Full 2007 Lincoln MKZ Review
What's New for 2007
In order to more closely align its vehicles with a new naming structure, Lincoln has renamed last year's Zephyr the MKZ. There are also a number of updates to the vehicle as well. Foremost is a larger, more powerful 3.5-liter V6. The bigger engine makes 263 horsepower, 42 more ponies than last year. Other changes include the availability of all-wheel drive, altered front-end styling and optional satellite radio. Finally, drivetrain warranty coverage now spans six years/70,000 miles.
In an unusual twist, Lincoln has renamed one of its vehicles after just one year on the market. In order to more closely align its vehicles with a new naming structure, Lincoln has renamed last year's Zephyr sedan the 2007 MKZ. As was the case with the Zephyr, the MKZ midsize sedan is very similar to the Ford Fusion and Mercury Milan. As you'd expect from Lincoln, the MKZ comes with plenty of luxury features. But this year Lincoln has made a renewed effort to emphasize the differences between its car and its lower-priced brethren.
Most noticeable is the MKZ's exclusive new engine. Under the hood is a larger, more powerful 3.5-liter V6. The bigger engine makes 263 horsepower, 42 more than last year's 3.0-liter V6. It also develops more torque (249 pound-feet this year) and is available with either front-wheel or all-wheel drive. This is the only engine available, and there's no base four-cylinder model as with the Fusion and Milan.
The Lincoln MKZ is a distinctly American take on the entry luxury sedan. The interior is suitably roomy and comfortable, and although the materials aren't class-leading, they're a noticeable step up from the Lincoln's lower-line siblings. And with peppy acceleration from the new V6 and a plush ride, the MKZ is pleasant to drive. Overall, it stacks up well with other premium and luxury-brand choices like the Acura TL, Chrysler 300, Lexus ES 350, Nissan Maxima and Volkswagen Passat, but many of these cars offer sportier handling dynamics and/or more upscale cabin furnishings. Then there's the matter of the MKZ's styling, which although unusual, doesn't seem likely to resonate well with the younger customers Lincoln hopes to attract. Still, for buyers seeking an entry-level luxury sedan with a little more interior space and a fairly reasonable price, the 2007 Lincoln MKZ is worth a look.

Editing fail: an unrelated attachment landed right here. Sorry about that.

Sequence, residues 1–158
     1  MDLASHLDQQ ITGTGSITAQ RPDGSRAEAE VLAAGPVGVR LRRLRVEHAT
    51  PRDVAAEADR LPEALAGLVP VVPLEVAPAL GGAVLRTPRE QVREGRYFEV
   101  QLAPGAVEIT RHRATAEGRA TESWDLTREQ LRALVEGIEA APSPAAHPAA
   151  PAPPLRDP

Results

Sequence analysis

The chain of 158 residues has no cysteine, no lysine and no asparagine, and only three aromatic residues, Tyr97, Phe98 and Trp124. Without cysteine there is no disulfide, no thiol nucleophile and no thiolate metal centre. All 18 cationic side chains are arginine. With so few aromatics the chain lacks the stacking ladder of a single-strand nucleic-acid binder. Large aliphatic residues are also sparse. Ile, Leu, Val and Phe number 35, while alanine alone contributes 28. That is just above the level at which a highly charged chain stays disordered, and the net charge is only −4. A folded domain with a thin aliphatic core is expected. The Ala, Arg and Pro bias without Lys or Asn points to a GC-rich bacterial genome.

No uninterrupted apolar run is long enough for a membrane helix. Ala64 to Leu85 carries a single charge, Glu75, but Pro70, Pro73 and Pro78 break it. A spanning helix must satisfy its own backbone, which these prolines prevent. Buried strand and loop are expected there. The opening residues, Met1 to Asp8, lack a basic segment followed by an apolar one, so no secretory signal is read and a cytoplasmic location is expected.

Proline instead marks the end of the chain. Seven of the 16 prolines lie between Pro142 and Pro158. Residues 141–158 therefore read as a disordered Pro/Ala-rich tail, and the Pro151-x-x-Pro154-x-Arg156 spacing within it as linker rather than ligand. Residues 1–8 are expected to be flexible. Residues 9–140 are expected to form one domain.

Body Styles, Trim Levels, and Options
A midsize premium sedan, the 2007 Lincoln MKZ comes in a single trim with either front-wheel drive or all-wheel drive. The MKZ comes nicely equipped with such standard features as 17-inch alloy wheels, leather upholstery, wood trim, power seats with memory, dual-zone automatic climate control and a seven-speaker CD stereo with an MP3 player input jack. Notable options include chrome wheels, xenon HID headlights, a sunroof, an upgraded THX-certified sound system, satellite radio, a navigation system, and heated and cooled front seats.
Powertrains and Performance
All Lincoln MKZs come with a 3.5-liter V6 engine. It's good for 263 hp and 249 lb-ft of torque. A six-speed automatic transmission is standard. The optional electronically controlled all-wheel-drive system can transfer power from side to side as well as front to rear.
Standard safety features include front-seat side impact airbags as well as full-length head curtain airbags. Those head airbags include a "roll-fold" feature that helps to keep the airbag against the glass even if the occupant is out of position. All MKZs include disc brakes with ABS. Traction control is also standard, but oddly, stability control is not available. In NHTSA crash tests, the 2007 Lincoln MKZ received four out of five stars for driver and front passenger safety. In the IIHS' frontal-offset test, the Lincoln MKZ received a rating of "Acceptable," the institute's second highest rating. It also earned an "Acceptable" rating in IIHS side-impact testing.
Interior Design and Special Features
Inside, there's plenty of chrome, wood trim and bold lines. The materials are solid in quality, and the leather seats look plush but can be a little firm for long trips. Also, the MKZ is a little bigger than other entry luxury sedans, making it a good bet for buyers needing a fully usable backseat. Trunk capacity measures 15.8 cubic feet.
With 42 extra hp compared to last year's Zephyr, the MKZ offers the brisk acceleration expected of a $30,000 car. Additionally, the new 3.5-liter engine has a smooth power delivery. Like the Zephyr before it, the MKZ is capable around turns, but doesn't offer handling dynamics on par with its more athletic competitors in this price range. Steering feedback, in particular, is unimpressive. On the flip side, the MKZ offers a typical Lincoln "big car" ride on the highway, making it an excellent candidate for road trips.